Trapattoni asks players for 'a little bit extra'


SOCCER: REPUBLIC OF IRELAND v FRANCE: AT THIS stage, it’s beginning to border on being impolite, but there has been further evidence from the French media over the past couple of days that it’s not Richard Dunne or Kevin Doyle who they see as the most potent threat to their chances of being at next summer’s World Cup but rather their own coach, Raymond Domenech.

Cranking up things a little in the newspaper’s simmering feud with the 57-year-old, L’Équiperan two related page headlines in its most recent issues. In the first, over a picture of the manager walking past Irish players, the headline read: “Their good luck . . . him!” Then, yesterday, they ran with a picture of Thierry Henry and Nicolas Anelka and the words: “Our good luck . . . them!”

It would be wonderful to think that a combination of Domenech and the disunity he has supposedly wrought within this French squad might be enough to see the Irish to South Africa next summer. As Giovanni Trapattoni coolly observed yesterday, however, neither of the coaches will be on the pitch and it is there the Irish players will somehow have to find a way of containing more technically gifted opponents while, ideally, finding a way of scoring themselves.

The best route to an Irish goal is, of course, another set- piece, with the likes of Damien Duff and Robbie Keane well able to win free kicks, while Duff, Glenn Whelan and, if he plays, Liam Lawrence, all capable of posing the French back four problems subsequently from positions around the area.

What looks to be the four first-choice French defenders all go into the game carrying a booking which may play on their minds just a little as they go about their business, while Doyle’s pace and strength combined with Keane’s movement, particularly his darting runs into the area from deep-lying positions, have the potential to cause the visitors, especially the slightly erratic Eric Abidal, some difficulties.

Trapattoni was diplomatic about it all but did end up querying the wisdom of his opposite number’s tactical approach, a 4-2-3-1 in the style of Chelsea under Jose Mourinho or Portugal during the “Big Phil” Scolari years.

“In Italy, we have three or four teams that play this way, but not in France.”

His own formation, needless to say, remains unaltered and the team he came close to finalising yesterday is precisely as had been expected in 10 of the 11 starting positions, with the manager leaving a final call on the right side of midfield – between Lawrence and Aiden McGeady – until today.

Even that hint of indecision may be an indication of just how big a challenge these games will be for the 70-year-old and his players.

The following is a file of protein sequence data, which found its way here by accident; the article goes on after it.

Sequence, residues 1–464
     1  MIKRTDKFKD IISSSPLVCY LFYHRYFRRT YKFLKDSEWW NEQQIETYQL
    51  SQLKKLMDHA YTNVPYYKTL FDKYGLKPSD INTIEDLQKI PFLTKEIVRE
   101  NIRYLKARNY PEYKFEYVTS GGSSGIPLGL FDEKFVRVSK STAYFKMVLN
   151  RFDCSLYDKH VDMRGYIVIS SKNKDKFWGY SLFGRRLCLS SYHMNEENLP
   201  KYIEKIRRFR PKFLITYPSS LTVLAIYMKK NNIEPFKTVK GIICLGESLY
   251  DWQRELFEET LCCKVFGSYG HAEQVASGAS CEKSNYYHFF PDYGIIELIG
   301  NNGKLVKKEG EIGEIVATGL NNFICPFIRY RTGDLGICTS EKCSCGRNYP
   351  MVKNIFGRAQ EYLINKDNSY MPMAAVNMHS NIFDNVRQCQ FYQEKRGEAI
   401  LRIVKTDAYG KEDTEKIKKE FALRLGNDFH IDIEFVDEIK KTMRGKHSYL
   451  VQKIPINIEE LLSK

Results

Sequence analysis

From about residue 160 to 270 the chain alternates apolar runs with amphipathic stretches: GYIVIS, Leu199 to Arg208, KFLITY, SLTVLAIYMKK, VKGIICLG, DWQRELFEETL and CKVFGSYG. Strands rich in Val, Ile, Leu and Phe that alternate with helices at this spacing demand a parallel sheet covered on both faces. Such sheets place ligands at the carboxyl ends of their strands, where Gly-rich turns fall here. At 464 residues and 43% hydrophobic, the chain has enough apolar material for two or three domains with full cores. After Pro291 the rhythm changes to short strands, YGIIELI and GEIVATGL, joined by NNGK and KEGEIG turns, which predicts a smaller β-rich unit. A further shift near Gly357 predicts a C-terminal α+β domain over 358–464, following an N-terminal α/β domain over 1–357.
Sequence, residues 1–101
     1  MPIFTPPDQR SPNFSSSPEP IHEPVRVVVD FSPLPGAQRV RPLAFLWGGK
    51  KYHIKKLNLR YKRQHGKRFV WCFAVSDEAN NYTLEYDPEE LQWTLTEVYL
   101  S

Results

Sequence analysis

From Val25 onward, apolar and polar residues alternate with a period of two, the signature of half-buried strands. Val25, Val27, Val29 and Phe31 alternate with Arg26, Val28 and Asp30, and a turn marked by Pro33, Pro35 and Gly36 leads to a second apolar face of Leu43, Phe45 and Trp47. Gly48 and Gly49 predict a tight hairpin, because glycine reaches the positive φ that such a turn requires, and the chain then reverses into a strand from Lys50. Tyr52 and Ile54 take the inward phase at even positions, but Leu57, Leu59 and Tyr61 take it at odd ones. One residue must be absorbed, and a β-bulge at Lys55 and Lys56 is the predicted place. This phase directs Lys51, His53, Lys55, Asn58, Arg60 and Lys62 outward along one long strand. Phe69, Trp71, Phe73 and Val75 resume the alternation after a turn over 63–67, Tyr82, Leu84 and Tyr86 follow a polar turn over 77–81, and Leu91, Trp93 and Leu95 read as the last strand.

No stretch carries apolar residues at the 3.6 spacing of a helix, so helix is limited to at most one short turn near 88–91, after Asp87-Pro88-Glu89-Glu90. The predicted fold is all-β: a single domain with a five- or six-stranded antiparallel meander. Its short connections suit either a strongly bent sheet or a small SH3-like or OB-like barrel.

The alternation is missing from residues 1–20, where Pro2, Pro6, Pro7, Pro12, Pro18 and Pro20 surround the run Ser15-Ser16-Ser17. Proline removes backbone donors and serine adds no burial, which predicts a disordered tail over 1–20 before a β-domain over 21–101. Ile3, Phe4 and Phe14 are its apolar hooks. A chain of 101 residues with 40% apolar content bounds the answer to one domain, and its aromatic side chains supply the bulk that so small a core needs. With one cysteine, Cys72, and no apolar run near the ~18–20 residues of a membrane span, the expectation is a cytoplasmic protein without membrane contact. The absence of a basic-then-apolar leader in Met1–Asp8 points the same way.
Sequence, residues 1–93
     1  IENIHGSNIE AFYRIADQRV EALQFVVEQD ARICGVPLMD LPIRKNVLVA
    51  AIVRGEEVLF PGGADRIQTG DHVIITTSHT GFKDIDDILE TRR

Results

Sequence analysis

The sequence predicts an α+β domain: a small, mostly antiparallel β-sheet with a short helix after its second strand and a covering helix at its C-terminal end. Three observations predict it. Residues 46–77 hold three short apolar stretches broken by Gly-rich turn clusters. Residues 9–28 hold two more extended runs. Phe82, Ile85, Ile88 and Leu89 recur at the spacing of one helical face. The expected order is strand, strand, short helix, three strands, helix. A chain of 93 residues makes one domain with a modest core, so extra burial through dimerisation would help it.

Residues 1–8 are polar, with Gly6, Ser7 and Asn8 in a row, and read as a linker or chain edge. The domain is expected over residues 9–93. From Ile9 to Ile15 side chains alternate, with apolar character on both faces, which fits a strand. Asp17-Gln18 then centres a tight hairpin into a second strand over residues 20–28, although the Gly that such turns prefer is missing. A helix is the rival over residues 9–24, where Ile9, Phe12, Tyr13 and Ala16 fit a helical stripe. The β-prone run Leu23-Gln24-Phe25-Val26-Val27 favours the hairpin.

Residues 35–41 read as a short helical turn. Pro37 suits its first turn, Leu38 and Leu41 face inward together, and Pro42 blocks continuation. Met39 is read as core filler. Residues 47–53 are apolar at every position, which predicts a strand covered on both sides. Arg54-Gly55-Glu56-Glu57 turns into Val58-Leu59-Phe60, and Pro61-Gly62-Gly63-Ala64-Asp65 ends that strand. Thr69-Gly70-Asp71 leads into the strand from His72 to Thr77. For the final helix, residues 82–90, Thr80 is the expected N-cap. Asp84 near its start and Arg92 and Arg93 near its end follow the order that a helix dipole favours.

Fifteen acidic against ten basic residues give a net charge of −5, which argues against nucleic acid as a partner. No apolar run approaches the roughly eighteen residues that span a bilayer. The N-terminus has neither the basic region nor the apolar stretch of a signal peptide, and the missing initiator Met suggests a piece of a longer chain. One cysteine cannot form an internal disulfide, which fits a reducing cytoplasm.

“For us,” he acknowledged, “it’s already like the final of the World Cup – qualification or not.”

With that in mind, he observed, the Irish players will have to give “a little bit extra” if they are to build on the improvement achieved over the course of the campaign to date and actually get the better of a big team.

“We can’t be stuck up because we were one of five teams not to lose in the qualifying games, but we must take encouragement from that fact and then add something more for this game.”

The something he has in mind is likely to be the centre of the Irish defence which has had a habit of allowing its collective concentration to slip just long enough to undo a great deal of their otherwise good work. If the weather forecast is right then conditions are likely to be tricky at Croke Park this evening, something that should count against the French a little more than it does against the Irish, but it might also make things that little more unpredictable around the home side’s area and that is not a prospect the Italian is likely to relish.

Another aspect of its game that the home side desperately needs to improve this evening is its ball retention around midfield.

Surrendering possession to this French side as regularly as they have handed the ball to teams with much less gifted forwards over the past year or two would be to invite a good deal of trouble.

As it is, the team will again have to cope with Youann Gourcuff occupying much the same area between Ireland’s defence and midfield that Tim Cahill and Andrea Pirlo did to such damaging effect in the recent games against Australia and Italy.

The Ireland manager shrugged off the suggestion yesterday that he might change things to counter the threat, insisting that he prefers to stick with the two-man central midfield, but even if he did there is plenty more to worry about in the French armoury.

André-Pierre Gignac has scored four goals in eight internationals and although most of them have come against the Faroe Islands, he is the sort of player who will provide the visitors with a menacing presence around the box while Henry and Anelka roam forward at angles from the flanks.

Trapattoni said yesterday that he does not think the Toulouse striker will start, with the Italian believing Domenech will prefer to have Anelka lead the team’s charge away from home, with Sidney Govou slotting in on the right.

It is distinctly possible he is right, although it is not the generally held view of what will happen by the French media.

They, Domenech might suggest with satisfaction, are not always entirely on top of things as was evidenced on Thursday when former French international turned radio show host Luis Fernandez, a fierce critic of the manager, interviewed Liam Brady on his show Luis attacks!

Brady breezed through the whole thing and was just about to depart the airwaves when Fernandez politely asked if he intended to head along to the game this evening, prompting a slightly exasperated Brady to reveal his role in the Irish management team.

Here’s hoping that the rest of Domenech’s critics are a little closer to the mark in relation to their own coach.